The decision, issued on Jan. 5, stems from a disputed real estate investment trust merger and splits with a 9th Circuit interpretation of conflicting terms between the 1933 Act's anti-removal provisions and the Class Action Fairness Act's terms that allow removal of state class actions to federal court.
"The case is significant because it provides in-depth analysis of what the [7th Circuit] found was a conflict between the two statutes," said Christopher King, a partner in Sonnenschein Nath & Rosenthal's Chicago office, who is representing the defendants. "On a going forward basis, it will make it more difficult for plaintiffs to gin up 1933 Act claims in an effort to avoid federal jurisdiction," he said.
Ken Wexler, of Wexler Wallace in Chicago, disagreed. "It remains to be seen if it will be more difficult for plaintiffs." Under the 1933 Act, securities cases may be filed in either state or federal court, said Wexler, who represents plaintiff Jack P. Katz.
The 7th Circuit held that an anti-removal provision in Section 22 of the Securities Act of 1933 does not prevent removal when other requirements of the CAFA are met. The CAFA is more recent and thus generally allows removal, despite the 1933 Act bar, so long as terms of the CAFA are met. Katz v. Gerardi, 08-8031 (7th Cir.).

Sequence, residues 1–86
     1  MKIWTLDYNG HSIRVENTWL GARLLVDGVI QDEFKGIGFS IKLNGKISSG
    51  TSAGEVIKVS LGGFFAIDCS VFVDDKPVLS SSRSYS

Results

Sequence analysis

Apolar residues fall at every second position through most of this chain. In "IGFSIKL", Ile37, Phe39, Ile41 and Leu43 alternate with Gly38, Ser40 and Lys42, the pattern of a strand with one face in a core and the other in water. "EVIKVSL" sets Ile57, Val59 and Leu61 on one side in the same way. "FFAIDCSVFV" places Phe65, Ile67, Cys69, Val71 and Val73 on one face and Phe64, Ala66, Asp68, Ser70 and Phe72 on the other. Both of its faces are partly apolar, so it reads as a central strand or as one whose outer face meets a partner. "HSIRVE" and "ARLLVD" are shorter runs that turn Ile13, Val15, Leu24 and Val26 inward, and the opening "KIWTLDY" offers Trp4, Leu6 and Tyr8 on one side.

This breaks with a 2008 decision in the 9th Circuit that held that the more specific terms of the 1933 Act, applying to securities cases, can trump the generalized terms of the 2005 act applying to all civil actions, Luther v. Countrywide Home Loans Servicing, 533 F.3d 1031 (9th Cir. 2008).
The dispute in Katz arose from the 2007 merger of real estate investment trust Archstone with Tishman-Lehman Partnership. Investors were given the option of converting existing A-1 shares into cash or new Series O shares.
Jack P. Katz, a shareholder, sold the shares for cash but filed a securities action asserting that, under the 1933 Act, he had converted to the new Series O shares and then sold for cash, in effect making him a "buyer" of the Series O shares and invoking the anti-removal terms of the 1933 law. "What Katz calls the 'fundamental change doctrine' that turns a sale into a purchase is word play designed to overcome the actual text of the securities law," wrote Chief Judge Frank Easterbrook for the panel.
"Katz sold his units for cash; he did not buy any new security," Easterbrook wrote. "The 'new A-1 units' are figments of a lawyer's imagination. Using legally fictitious (and factually nonexistent) 'new A-1 units' to nullify a legislative decision that only buyers have rights under the 1933 act would be wholly unjustified," he wrote.
"This is an important case that will come up again and again because plaintiffs' lawyers will try to find ways to get in state court, and the 1933 Act is a good way to do that," said Jonathan Polkes, lead counsel for the defense and a partner at Weil Gotshal & Manges in New York.
Wexler called Easterbrook's comments "mean-spirited and untrue."
The 7th Circuit remanded the case to district court, but lawyers for Katz have notified the court that they will agree to transfer the case to a related action in federal court in Colorado, according to Steven Merouse, also at Sonnenschein and representing the defense. That was the original goal of the defense, to send the case to Colorado, where it is filed as a contract dispute and subject to arbitration, he said. Stender v. Gerardi, No. 07-cv-2503 (D. Colo).
The plaintiffs "have called uncle," he said.